Growing Ole Miss

A Q&A with Madison Gordon, 2021-2022 Miss Ole Miss

Photo courtesy: Ivonne Perez

Q: Talk about why your platform was close to your heart.

Gordon: During the campaign time, I wanted to work with Operation Fit Nation because they prioritize health and wellbeing, especially for communities that struggle with this because it is out of their control. Working with them was important to me because I have always worried about the health of Mississippians, especially within the minority community. This organization has many initiatives that promote health and education. They also work closely with organizations like the Boys and Girls Club, which is dear to my heart because I am a product of [the] Boys and Girls Club of Meridian, and I’m proud of their efforts to make sure their students excel against the adversity that is posed against them. 

Q: Talk about the process of running a campaign.

Gordon: The logistics of coordinating a campaign and a team was not an easy walk around the park, but it was something I was familiar with due to [working] with campaigns prior to my own. It was every feeling and emotion you could think of. I think the stressful part for me was making sure I was allocating my time wisely. For instance, every day was pretty much a 5 a.m. wakeup and a 12 a.m. bedtime. This would be time for strategizing, class and schoolwork, and actual campaigning, so [I made] sure people were seeing me active at my sign and active with multiple student groups.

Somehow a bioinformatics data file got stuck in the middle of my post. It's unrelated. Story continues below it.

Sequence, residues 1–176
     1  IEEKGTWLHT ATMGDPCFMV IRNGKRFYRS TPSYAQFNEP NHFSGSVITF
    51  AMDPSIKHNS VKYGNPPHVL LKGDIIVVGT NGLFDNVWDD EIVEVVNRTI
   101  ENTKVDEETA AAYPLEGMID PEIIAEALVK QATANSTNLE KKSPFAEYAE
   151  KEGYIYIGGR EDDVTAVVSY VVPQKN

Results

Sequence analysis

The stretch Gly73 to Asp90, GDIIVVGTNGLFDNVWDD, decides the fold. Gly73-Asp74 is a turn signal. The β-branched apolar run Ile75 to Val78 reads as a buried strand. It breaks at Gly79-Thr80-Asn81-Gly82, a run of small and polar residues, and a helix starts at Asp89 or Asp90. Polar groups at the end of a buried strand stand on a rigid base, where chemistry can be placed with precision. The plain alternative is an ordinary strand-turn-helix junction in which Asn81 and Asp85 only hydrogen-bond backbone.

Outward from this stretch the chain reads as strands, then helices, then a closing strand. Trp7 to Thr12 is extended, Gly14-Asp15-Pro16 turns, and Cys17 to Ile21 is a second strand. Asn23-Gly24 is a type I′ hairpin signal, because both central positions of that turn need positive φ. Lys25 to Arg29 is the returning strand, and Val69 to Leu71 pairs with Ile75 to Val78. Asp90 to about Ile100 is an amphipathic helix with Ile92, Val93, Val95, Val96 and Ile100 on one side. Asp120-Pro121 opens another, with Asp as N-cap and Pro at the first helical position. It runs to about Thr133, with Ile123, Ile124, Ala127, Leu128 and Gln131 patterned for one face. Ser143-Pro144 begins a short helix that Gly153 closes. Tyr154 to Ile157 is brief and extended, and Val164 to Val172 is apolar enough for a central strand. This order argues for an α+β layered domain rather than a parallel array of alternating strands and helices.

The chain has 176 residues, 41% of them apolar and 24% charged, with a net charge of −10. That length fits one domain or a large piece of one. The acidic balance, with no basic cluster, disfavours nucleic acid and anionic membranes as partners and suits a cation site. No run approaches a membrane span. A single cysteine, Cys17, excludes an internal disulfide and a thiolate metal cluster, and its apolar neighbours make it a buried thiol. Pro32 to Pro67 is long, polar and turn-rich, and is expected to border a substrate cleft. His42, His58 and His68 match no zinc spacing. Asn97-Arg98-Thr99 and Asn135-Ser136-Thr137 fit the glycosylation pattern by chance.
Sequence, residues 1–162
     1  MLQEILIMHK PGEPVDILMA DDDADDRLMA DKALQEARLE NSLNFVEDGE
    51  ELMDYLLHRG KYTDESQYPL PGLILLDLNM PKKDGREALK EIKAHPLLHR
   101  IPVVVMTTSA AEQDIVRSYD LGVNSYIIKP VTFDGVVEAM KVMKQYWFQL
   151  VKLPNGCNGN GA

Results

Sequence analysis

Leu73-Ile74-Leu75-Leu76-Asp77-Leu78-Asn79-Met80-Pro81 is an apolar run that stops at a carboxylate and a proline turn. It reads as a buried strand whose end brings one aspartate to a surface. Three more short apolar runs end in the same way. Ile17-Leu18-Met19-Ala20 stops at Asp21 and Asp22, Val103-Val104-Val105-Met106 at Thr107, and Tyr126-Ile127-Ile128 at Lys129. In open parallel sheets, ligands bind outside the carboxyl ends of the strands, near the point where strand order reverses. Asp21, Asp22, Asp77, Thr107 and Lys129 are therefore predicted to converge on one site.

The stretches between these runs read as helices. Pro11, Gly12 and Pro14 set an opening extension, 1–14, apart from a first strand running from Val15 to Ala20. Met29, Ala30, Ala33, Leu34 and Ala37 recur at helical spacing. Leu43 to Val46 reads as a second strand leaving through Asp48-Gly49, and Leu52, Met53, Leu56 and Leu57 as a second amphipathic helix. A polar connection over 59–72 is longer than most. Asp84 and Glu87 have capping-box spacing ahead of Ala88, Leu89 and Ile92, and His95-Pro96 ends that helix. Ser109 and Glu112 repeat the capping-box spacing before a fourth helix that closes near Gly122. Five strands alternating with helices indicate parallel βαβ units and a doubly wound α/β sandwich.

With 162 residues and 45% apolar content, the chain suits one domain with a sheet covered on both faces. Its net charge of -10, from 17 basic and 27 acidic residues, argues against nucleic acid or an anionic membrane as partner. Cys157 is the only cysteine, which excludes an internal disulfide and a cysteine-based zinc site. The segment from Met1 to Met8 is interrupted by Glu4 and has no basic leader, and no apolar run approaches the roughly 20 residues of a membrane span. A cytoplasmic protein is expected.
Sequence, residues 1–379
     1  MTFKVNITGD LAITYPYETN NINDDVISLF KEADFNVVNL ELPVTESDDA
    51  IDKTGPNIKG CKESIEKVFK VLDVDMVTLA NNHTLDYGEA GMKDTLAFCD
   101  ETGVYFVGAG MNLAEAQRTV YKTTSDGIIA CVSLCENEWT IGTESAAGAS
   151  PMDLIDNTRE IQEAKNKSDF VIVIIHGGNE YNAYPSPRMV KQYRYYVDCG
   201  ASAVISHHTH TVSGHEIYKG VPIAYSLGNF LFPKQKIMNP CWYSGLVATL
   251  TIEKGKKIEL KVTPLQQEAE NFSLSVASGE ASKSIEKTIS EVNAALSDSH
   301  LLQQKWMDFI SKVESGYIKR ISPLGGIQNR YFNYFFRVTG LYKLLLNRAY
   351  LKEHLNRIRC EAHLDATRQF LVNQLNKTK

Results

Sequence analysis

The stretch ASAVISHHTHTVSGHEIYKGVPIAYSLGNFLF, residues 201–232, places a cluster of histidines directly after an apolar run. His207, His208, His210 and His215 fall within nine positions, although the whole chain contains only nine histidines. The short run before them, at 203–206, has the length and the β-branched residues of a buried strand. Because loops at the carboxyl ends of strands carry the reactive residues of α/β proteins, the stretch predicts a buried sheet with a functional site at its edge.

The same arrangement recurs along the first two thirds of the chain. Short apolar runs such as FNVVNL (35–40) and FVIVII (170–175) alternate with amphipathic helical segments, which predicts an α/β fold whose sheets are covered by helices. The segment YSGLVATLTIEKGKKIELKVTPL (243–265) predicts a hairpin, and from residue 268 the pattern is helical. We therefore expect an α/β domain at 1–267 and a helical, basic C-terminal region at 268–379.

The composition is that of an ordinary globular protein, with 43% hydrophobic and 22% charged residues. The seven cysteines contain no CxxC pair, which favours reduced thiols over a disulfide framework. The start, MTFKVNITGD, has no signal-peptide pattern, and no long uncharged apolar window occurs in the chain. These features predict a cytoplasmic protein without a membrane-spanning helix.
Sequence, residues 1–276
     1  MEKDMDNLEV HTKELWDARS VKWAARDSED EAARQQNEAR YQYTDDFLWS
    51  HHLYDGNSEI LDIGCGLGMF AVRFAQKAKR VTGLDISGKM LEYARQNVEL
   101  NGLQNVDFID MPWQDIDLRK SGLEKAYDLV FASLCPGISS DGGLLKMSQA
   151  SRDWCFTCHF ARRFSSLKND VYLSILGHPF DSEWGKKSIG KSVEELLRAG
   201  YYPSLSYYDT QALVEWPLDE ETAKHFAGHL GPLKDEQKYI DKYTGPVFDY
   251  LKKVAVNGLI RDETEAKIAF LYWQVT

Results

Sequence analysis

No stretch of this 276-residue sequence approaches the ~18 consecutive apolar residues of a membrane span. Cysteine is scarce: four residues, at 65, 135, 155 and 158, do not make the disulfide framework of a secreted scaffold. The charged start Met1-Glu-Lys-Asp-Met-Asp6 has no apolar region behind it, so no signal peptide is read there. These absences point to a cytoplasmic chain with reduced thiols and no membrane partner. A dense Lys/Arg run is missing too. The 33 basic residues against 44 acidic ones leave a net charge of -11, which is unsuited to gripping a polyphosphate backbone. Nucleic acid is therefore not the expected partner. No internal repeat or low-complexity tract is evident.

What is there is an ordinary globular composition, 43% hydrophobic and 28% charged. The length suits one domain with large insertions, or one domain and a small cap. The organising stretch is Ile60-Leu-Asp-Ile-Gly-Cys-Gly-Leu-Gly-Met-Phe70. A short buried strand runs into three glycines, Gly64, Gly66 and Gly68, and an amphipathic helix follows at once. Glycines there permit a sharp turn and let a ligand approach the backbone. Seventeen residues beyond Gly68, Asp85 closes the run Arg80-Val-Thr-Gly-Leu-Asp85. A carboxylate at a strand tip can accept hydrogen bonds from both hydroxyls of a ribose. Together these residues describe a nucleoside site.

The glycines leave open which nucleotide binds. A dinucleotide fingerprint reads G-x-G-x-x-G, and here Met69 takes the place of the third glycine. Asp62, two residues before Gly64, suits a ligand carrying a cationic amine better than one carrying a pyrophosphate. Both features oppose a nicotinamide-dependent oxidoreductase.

Q: Describe the moment you found out you had won. 

Gordon: The moment I won is a time I will never forget. Before they called my name, they announced how much I had won, and to me, that was a true moment of proof that I had impacted people enough for them to want and trust me in this role. The moment they called out my name, I took it in and then instantly called my mother. She is someone I strive to be like, as well as make proud. She was watching the live stream so she received the results at the same time that I did, so once she answered she was crying, and that moment left me speechless. My mom and family were finally seeing the fruits of my labor here at a university that caused outsiders to ask my family about my safety and comfortability. 

Q: What’s one thing you want to tell Ole Miss?

Gordon: I would just like for them to know that the daily experiences of college may come with challenges, heartaches, celebrations, and losses all in one- but it is important not to bottle these feelings up or take them out on others, but [rather as] a time to grow. Growth comes from the life experiences we have as well as how we respond to them. During my time here, I have discovered the truth in this as well as had the privilege of finding a group of people that will be there for me in all times of life.